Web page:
News

Massachusetts Rules Arbitration Is Not Healthcare

January 13th, 2014

The Massachusetts Supreme Judicial Court today vacated a lower court’s order to compel arbitration in a nursing home case.  In this case, the estate of a nursing home resident sued the home for negligence that allegedly caused the resident’s death.  The nursing home sought to enforce an arbitration agreement executed by the resident’s wife as his health care agent.   The Massachusetts high court said that no language in the health care proxy statute gives a patient’s health care agent “authority over any decision other than medical treatment” which directly involves the provision of “medical services, procedures, or treatment of the [patient’s] physical or mental condition.”  Further that statute reflects no intent to allow the health care agent to waive a [patient’s] right of access to the courts and to trial by jury by agreeing to binding arbitration.”

The plaintiffs in Johnson v. Kindred Healthcare, Inc., were represented by former CCL attorney John Vail and by David J. Hoey of North Reading, MA.

Vail Argues Arbitration Is Not Health Care

September 5th, 2013

“Arbitration is not health care,”  CCL’s John Vail told the Massachusetts Supreme Judicial Court yesterday, urging it not to enforce an arbitration agreement signed by a person authorized to make health care decisions for a nursing home resident whose death allegedly was caused by the nursing home’s  neglect.

An active bench peppered Vail and opposing counsel with questions.  In response to one, Vail noted that deciding when a patient gets mail, or what he eats, are, unlike arbitration, necessary incidents of providing health care to an incompetent person in a residential setting.  Illustrating her point that it was questionable whether a health care proxy had even the power to use the principal’s money to pay health care bills, one Justice asked Vail’s opponent whether a proxy was empowered to sell a principal’s house to pay them.   No cogent answer came forth.

The Court, which recently issued two opinions finding that prior decisions about arbitration were pre-empted under recent Supreme Court decisions, speculated about whether the Federal Arbitration Act would permit it to treat paying bills as within the scope of the health care proxy but agreeing to arbitration as outside the scope.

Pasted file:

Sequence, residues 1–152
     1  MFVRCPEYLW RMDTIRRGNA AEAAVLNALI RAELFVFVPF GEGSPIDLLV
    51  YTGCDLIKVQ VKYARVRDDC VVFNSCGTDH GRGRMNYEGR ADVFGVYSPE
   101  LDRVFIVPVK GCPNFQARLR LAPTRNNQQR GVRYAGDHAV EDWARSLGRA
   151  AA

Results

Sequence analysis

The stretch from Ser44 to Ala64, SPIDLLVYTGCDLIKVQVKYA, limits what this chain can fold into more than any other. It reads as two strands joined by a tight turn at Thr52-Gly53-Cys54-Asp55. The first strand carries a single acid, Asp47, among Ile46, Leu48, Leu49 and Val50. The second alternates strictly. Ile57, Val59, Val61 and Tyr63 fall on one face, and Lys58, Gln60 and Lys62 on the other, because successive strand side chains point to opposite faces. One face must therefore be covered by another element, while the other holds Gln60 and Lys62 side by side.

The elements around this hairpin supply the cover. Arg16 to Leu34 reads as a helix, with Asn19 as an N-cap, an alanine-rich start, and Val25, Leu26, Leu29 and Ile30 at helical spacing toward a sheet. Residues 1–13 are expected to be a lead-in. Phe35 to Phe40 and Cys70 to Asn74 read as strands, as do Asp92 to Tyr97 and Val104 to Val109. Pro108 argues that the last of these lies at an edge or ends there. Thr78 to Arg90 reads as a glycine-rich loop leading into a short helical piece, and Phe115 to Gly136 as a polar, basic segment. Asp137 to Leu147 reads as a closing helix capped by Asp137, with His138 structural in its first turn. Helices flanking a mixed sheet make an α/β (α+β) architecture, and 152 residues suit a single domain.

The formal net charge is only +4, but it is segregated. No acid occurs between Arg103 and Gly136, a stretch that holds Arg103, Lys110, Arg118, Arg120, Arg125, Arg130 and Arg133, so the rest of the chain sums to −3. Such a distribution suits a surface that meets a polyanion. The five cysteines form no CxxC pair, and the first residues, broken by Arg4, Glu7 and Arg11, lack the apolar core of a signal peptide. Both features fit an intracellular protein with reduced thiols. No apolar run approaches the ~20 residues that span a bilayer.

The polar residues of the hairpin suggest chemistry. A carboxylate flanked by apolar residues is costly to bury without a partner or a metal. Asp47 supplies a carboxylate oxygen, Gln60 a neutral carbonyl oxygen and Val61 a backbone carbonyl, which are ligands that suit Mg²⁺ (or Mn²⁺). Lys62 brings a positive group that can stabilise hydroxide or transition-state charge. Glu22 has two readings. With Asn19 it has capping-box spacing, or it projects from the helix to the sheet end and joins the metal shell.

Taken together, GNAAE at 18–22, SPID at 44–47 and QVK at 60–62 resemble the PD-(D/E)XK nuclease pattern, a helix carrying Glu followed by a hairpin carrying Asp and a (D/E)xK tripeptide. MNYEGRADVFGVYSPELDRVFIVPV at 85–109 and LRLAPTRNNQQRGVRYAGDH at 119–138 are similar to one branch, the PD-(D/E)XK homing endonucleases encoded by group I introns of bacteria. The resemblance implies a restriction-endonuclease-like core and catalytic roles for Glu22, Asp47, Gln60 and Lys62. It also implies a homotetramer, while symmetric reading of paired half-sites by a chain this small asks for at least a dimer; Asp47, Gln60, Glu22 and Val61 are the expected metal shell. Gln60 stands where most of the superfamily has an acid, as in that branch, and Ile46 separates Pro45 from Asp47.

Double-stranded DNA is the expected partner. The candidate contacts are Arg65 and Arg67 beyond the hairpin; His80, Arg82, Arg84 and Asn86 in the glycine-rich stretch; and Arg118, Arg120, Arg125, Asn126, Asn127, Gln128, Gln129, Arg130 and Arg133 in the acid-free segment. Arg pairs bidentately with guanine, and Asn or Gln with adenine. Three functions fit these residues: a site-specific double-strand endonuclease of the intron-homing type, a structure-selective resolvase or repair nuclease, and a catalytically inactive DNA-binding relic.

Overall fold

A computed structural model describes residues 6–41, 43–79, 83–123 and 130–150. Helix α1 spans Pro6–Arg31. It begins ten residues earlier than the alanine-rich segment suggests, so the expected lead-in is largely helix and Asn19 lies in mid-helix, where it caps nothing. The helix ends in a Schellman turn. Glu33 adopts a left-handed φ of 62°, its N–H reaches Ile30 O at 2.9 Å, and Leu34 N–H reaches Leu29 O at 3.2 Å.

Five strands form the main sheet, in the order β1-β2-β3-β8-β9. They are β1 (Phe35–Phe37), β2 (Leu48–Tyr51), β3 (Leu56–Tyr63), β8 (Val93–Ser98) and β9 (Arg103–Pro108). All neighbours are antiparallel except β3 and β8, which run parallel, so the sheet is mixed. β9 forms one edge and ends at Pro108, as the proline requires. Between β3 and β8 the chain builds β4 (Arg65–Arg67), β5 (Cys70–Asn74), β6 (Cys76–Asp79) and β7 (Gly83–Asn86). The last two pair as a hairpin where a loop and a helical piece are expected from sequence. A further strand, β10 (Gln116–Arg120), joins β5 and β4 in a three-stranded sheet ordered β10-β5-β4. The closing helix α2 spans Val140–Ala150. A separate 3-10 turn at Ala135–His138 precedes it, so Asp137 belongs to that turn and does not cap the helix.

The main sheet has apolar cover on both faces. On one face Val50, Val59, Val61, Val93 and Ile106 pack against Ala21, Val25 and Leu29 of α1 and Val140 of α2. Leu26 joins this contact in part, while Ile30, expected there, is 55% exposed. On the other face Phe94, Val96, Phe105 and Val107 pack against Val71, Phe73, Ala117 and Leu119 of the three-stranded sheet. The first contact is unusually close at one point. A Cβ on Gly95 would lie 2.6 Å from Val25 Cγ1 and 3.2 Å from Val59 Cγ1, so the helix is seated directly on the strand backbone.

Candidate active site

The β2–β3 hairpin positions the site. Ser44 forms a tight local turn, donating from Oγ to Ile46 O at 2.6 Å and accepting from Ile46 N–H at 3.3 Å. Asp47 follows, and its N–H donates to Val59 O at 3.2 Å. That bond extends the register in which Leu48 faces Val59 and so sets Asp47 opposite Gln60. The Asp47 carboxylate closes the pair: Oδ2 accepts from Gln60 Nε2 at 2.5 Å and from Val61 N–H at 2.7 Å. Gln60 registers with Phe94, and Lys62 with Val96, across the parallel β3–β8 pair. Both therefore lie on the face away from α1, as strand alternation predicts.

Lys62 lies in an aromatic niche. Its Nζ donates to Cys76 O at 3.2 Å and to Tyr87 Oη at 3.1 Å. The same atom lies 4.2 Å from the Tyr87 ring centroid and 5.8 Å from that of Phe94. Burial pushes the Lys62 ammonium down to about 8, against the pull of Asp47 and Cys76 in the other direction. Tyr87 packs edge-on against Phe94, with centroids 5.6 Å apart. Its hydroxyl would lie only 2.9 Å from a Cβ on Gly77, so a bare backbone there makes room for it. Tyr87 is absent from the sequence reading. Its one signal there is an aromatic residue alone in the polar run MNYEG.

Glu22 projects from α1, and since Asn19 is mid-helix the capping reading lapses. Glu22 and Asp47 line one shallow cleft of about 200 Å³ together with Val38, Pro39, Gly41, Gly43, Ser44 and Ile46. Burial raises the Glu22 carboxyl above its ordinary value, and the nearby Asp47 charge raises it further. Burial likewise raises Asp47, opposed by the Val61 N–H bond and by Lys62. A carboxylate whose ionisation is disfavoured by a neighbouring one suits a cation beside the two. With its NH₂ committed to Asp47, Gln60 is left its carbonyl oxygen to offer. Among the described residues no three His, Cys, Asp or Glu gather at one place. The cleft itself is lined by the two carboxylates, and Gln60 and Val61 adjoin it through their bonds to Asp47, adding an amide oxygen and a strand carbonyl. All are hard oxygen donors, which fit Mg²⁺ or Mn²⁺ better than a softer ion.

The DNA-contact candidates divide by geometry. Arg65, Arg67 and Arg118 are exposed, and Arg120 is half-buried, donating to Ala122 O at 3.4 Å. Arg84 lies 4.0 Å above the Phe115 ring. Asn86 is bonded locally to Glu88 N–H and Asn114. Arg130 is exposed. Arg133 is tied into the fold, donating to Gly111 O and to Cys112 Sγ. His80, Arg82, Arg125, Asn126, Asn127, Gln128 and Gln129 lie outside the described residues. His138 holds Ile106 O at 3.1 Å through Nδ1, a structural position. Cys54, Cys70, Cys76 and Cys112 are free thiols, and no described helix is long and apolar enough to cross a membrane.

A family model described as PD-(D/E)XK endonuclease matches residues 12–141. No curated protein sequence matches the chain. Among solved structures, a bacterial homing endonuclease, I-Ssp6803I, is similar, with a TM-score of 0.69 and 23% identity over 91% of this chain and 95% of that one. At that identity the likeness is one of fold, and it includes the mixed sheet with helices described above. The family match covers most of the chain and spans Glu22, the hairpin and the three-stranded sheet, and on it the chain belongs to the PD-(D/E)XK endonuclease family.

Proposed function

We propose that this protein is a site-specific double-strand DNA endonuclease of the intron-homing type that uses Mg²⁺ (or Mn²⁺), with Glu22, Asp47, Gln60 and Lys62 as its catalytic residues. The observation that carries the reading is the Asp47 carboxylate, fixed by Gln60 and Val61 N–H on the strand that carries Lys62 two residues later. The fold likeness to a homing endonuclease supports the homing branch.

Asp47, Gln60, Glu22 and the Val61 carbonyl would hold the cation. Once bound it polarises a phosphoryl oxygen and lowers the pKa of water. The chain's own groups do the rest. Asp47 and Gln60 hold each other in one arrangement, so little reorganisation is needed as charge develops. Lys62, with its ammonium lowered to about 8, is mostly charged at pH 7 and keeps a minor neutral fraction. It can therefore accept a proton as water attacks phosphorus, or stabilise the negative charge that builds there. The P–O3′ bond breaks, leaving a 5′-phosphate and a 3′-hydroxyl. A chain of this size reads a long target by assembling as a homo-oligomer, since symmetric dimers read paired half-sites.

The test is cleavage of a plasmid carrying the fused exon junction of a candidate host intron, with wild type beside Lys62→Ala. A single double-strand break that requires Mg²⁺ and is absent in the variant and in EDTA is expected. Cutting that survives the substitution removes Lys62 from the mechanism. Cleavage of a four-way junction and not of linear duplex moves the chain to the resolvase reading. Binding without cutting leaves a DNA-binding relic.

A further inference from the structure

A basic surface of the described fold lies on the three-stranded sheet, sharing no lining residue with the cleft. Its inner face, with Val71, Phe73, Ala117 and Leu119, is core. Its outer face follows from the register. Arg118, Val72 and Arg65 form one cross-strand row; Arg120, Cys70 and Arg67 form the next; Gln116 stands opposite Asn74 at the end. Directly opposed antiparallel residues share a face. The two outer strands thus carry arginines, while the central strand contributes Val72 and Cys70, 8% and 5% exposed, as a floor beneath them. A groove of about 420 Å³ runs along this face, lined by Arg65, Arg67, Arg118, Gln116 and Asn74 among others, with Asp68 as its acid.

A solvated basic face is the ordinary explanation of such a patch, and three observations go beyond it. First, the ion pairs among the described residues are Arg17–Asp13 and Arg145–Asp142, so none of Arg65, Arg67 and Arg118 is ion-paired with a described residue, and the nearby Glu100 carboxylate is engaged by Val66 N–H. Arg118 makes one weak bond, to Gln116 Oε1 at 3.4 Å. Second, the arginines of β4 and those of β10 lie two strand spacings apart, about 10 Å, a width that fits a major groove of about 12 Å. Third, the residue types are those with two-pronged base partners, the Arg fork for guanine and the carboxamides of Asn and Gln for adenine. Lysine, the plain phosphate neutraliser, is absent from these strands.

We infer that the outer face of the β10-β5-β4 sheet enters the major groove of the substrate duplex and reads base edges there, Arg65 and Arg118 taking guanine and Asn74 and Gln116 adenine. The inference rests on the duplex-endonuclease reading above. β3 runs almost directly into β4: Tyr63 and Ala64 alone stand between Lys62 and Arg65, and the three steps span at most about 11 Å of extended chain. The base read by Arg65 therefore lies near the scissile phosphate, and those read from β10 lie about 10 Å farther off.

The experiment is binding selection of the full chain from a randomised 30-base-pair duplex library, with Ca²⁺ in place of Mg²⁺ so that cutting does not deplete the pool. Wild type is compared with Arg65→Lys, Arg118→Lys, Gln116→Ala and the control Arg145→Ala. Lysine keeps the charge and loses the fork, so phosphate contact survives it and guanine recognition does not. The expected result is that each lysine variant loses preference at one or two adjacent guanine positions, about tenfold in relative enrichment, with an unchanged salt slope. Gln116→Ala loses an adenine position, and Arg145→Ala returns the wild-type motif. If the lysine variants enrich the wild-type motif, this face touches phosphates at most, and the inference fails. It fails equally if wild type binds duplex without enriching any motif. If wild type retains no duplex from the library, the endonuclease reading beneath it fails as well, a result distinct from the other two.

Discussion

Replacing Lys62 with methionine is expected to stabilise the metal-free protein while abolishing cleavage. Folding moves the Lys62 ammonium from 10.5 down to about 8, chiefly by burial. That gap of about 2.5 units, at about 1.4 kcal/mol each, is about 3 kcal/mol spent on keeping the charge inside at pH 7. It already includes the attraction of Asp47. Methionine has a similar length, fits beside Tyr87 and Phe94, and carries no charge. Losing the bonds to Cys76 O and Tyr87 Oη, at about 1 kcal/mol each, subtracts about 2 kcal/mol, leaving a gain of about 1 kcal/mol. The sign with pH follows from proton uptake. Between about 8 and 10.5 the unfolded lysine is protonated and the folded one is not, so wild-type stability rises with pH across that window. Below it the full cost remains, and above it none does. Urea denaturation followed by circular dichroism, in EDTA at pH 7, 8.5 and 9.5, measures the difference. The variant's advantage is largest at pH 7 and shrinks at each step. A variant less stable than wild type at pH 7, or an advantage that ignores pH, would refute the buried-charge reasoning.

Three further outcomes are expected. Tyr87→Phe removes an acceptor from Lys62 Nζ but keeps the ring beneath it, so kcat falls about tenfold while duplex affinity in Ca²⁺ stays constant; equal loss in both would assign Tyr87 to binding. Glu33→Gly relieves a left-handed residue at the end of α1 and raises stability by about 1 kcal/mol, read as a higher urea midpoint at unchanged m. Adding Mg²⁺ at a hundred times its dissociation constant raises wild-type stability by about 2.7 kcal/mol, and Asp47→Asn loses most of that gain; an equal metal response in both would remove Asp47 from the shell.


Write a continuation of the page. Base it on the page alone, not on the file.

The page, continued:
The plaintiffs in Johnson v. Kindred Healthcare, Inc., are represented, in addition to Vail, by David J. Hoey of North Reading, MA.  The case was consolidated for argument with Licata v. GGNSC Malden Dexter, LLC.  A decision is expected within 130 days.

New Mexico Supreme Court Forces Nursing Home Into Court

August 15th, 2013

A nursing home that allegedly killed one of its residents will have to defend itself in court, and not before a secret arbitral panel. Yesterday, the New Mexico Supreme Court denied review of a decision by the New Mexico Court of Appeals that had rejected arbitration, adopting arguments made by CCL.

“Nursing homes cannot bury their dead in private. The victim’s family will have its day in court,” said CCL attorney John Vail, counsel for plaintiffs in the case.

The Court of Appeals had ruled that the unavailability of the discredited National Arbitration Forum (NAF) rendered the arbitration agreement unenforceable. Although the agreement between the victim and the nursing home did not designate NAF as the arbitrator, it did require that NAF’s rules be used in any arbitration.  CCL pointed out that the NAF rules provided that no one but NAF was allowed to use them, and that therefore there was no difference between this agreement and one that did designate NAF.

The NM Supreme Court had previously held that an agreement designating NAF as arbitrator was unenforceable because they had agreed with the Minnesota Attorney General not to administer consumer arbitrations after the Attorney General charged NAF with running a biased arbitral scheme. Yesterday’s denial of the nursing home’s petition for certiorari reaffirms that ruling.

Dusti Miller and Jennifer Foote of the Miller Law Firm in Albuquerque are co-counsel with CCL on the case.

Supreme Court Rules Corporations Case Use Arbitration Clauses to Insulate Themselves from Liability

June 20th, 2013

In a decision one justice called a “betrayal of our precedents,” the Supreme Court today ruled that corporations can use arbitration clauses to insulate themselves from liability.  

The decision culminates a thirty-year judicial effort by the Court to turn an innocuous 1920s statute, the Federal Arbitration Act, into a weapon used to thwart enforcement of rights by consumers, employees, and small businesses. 

In American Express v. Italian Colors Restaurant, http://www.supremecourt.gov/opinions/12pdf/12-133_19m1.pdf, a restaurant filed a class action complaining that American Express had used monopoly power to force merchants to accept credit cards at rates approximately 30% higher than the fees for competing credit cards, in violation of antitrust statutes.  American Express moved to compel arbitration based on a clause in its agreement with the restaurant that provided, in part, “[t]here shall be no right or authority for any Claims to be arbitrated on a class action basis.”